Plaintiff alleges that she engaged in several instances of protected EEO activity. The statutorily protected activity she alleges includes filing a formal EEO complaint in 1989, filing an informal EEO complaint in 1993, participating in a group letter dated October 1, 1993, to the then-Administrator of AID alleging discrimination, participating in a class action EEO complaint filed on March 1, 1994, being interviewed by an EEO investigator on March 3, 1994, regarding a co-worker's complaint, and filing formal EEO complaints relating to the assertions in this action in 1994 and 1995. See Am. Compl. ¶¶ 12, 77.

Here, reading the Amended Complaint broadly, plaintiff complains of four types of alleged retaliatory actions by defendant: (1) the miscellaneous alleged discriminatory conduct discussed above at pp. 20-25, see Am. Compl. ¶ 78a-c, e, g, j-k; (2) her non-promotion to GS-13 discussed above at pp. 17-19; see Am. Compl. ¶ 78d & f; (3) the denial of a reasonable accommodation for her alleged handicap (hypertension), discussed above at pp. 14-17, see Am. Compl. ¶ 78h; and (4) allegedly negative comments on a compensation claim form, see Am. Compl. ¶ 78i. None of these myriad complaints can sustain a retaliation claim

The Court has considered whether any of the miscellaneous discriminatory conduct alleged by plaintiff amounts to an adverse employment action. In Part II. C of this Memorandum Opinion at pp. 20-25 supra, the Court has unequivocally concluded that none of these events involves the type of tangible harm needed to establish an adverse employment action under the law. Hence, plaintiff cannot satisfy her burden of establishing a prima facie case of retaliation based on these events.

The Court has also concluded that defendant has provided a legitimate, non-discriminatory explanation for plaintiff's non-promotion, which plaintiff has not rebutted with evidence of pretext sufficient to permit an inference of unlawful discrimination. See Part II. B, pp. 17-19, supra. That conclusion defeats plaintiff's retaliation claim based on her non-promotion as well. Likewise, the Court's conclusion that plaintiff's Rehabilitation Act claim fails because she was not a qualified individual with a disability and because she has not met her burden of establishing that other positions were available to reasonably accommodate her alleged disability, see Part II. A, pp. 14-17, supra, defeats her retaliation claim based on that same alleged denial of reasonable accommodation.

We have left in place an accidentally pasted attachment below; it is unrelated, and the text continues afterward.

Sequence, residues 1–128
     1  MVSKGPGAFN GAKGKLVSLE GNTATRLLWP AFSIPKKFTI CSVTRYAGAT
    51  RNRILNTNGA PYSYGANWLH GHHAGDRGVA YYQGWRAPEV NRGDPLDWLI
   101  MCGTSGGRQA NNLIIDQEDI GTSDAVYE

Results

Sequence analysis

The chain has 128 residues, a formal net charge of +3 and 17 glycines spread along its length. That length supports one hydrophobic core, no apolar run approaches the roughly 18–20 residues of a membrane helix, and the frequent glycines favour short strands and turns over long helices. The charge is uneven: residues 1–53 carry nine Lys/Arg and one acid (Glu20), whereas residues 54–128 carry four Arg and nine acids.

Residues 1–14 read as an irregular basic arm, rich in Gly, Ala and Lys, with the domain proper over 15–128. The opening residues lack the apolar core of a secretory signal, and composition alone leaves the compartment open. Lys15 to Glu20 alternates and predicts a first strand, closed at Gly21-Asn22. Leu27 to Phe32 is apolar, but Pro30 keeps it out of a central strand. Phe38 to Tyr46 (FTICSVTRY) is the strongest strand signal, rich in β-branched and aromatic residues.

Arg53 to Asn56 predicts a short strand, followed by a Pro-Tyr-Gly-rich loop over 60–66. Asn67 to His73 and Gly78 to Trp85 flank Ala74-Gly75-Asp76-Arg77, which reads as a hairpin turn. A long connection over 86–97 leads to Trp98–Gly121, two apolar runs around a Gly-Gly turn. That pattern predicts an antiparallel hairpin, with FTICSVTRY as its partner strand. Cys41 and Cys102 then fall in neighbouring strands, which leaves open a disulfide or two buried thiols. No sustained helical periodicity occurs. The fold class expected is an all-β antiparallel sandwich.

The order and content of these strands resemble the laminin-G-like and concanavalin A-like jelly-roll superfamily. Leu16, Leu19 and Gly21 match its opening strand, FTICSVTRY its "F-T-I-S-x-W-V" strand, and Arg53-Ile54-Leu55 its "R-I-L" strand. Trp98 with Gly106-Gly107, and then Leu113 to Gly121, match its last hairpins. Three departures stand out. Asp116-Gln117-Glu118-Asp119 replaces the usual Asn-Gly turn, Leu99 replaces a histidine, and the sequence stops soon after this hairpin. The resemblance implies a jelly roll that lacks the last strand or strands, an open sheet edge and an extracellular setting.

Lastly, plaintiff's claim of retaliation based on negative comments a supervisor placed on her Occupational Disease and Claim Compensation Form in 1994, see Am. Compl. ¶ 78i, is insufficient. Plaintiff cannot show that the supervisor's comments were provided to the Department of Labor with any retaliatory intent. Although her disability claim was denied, it was on the basis of her failure to establish a work-related claim based on an emotional condition, disability, or associated physical condition. See Def. Mot. for Summ. J., Ex. 15 at 6. But the contested statement by the supervisor was related to plaintiff's work hours and scope of duties. Id. Hence, the causal link between the supervisor's statement and the reason the Department of Labor denied her claim is far too attenuated to support a retaliation claim.

To the extent, then, that plaintiff's retaliation claim depends upon her non-promotion and other race discrimination allegations, or the alleged denial of reasonable accommodation for her hypertension, the retaliation claim must fail along with those underlying claims. The Court concludes, therefore, that defendant is entitled to summary judgment on plaintiff's retaliation claim as well.


For all the foregoing reasons, plaintiff's diverse discrimination, hostile work environment, and retaliation claims under Title VII and the Rehabilitation Act cannot succeed. Accordingly, defendant's motion for summary judgment will be granted in its entirety. A separate order has already been issued.